Then there was the sixth round of strategic and economic negotiations in Beijing, attended by US Secretary of State John Kerry and eight other US cabinet members, where more differences than common opinions surfaced. For example, Beijing suspended the activities of the task force set up by Obama and Xi not long ago for the purpose of combating cybercrime. And the US delegation was told that no double standards should be applied to US and Chinese interests. Kerry responded with a white lie, saying that the US and China weren't competing with each other.
China ahead in independent measures
While Europe's and South Korea's self-confidence is growing, China, a rising world power, is one step ahead. Its relationship with the US is not only marked by disgruntlement like Germany's, and it is not just attempting to make its own rules like the Europeans are in response to Google - it has been making them for some time already. An example of this is cyber espionage. Beijing is planning to ban Windows software on government computers, as well as IBM servers in Chinese banks. Last week, the Apple iPhone was named a risk to national security by Chinese media.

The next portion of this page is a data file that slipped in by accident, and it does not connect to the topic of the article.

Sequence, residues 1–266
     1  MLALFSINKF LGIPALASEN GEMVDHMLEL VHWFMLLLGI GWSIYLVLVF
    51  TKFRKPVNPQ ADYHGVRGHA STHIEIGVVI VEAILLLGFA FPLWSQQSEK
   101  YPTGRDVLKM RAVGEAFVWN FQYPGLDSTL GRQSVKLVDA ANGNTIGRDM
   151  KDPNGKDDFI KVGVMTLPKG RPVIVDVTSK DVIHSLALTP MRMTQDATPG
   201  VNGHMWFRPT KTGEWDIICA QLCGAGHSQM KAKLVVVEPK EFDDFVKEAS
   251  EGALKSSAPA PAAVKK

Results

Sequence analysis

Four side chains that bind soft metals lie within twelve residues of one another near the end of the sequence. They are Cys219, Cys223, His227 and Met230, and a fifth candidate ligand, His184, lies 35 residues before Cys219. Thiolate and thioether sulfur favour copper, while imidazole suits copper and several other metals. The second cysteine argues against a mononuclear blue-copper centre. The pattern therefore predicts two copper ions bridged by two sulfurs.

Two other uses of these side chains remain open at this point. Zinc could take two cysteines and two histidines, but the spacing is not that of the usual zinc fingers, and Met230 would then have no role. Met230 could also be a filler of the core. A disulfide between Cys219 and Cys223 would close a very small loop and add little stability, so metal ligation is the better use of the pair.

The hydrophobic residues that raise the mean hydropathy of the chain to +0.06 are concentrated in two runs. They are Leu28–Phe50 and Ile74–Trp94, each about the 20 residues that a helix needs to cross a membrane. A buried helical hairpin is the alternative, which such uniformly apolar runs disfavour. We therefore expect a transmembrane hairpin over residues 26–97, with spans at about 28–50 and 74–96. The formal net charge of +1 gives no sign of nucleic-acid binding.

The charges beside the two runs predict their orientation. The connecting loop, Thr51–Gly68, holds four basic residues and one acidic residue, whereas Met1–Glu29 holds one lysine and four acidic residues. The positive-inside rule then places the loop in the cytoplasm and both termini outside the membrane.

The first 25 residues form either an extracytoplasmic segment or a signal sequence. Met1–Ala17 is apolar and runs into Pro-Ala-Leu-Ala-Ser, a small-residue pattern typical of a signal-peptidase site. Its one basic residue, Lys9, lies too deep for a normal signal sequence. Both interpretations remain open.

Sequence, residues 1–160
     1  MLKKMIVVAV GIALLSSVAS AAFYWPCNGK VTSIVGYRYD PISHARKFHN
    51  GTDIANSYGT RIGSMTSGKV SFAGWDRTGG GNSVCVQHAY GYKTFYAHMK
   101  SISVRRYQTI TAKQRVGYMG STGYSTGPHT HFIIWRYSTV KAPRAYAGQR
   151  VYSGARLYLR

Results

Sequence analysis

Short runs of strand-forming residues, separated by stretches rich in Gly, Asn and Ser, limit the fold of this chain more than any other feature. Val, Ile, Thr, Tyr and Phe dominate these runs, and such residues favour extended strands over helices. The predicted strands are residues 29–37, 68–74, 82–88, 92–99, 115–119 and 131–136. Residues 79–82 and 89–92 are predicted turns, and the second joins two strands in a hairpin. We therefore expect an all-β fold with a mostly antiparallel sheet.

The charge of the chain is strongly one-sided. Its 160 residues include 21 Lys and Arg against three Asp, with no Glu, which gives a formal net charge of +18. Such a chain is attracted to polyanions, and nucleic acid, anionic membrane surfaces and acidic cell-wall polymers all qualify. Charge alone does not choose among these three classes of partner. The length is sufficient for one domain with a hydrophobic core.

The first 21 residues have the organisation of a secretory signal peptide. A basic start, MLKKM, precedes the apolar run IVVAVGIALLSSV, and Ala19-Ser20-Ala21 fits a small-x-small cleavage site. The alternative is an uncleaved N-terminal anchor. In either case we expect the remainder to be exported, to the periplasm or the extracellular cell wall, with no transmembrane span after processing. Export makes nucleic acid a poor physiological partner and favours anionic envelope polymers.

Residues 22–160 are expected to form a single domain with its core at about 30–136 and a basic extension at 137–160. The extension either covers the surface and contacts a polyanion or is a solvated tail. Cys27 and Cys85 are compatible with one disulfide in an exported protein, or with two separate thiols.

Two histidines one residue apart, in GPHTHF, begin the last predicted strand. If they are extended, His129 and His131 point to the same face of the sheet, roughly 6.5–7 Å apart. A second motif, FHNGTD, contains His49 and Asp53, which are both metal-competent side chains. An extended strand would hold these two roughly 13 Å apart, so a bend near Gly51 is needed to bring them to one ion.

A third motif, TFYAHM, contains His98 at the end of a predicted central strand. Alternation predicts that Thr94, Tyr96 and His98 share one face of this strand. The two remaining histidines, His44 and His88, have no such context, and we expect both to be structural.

China is managing to create new global rules and institutions like no other country or region. This week, Xi Jinping flew to Rio de Janeiro to establish a bank together with Brazil, Russia, India, and South Africa. This would function as a counterweight to the US-dominated World Bank. It is also certain that similar international institutions without US membership will follow.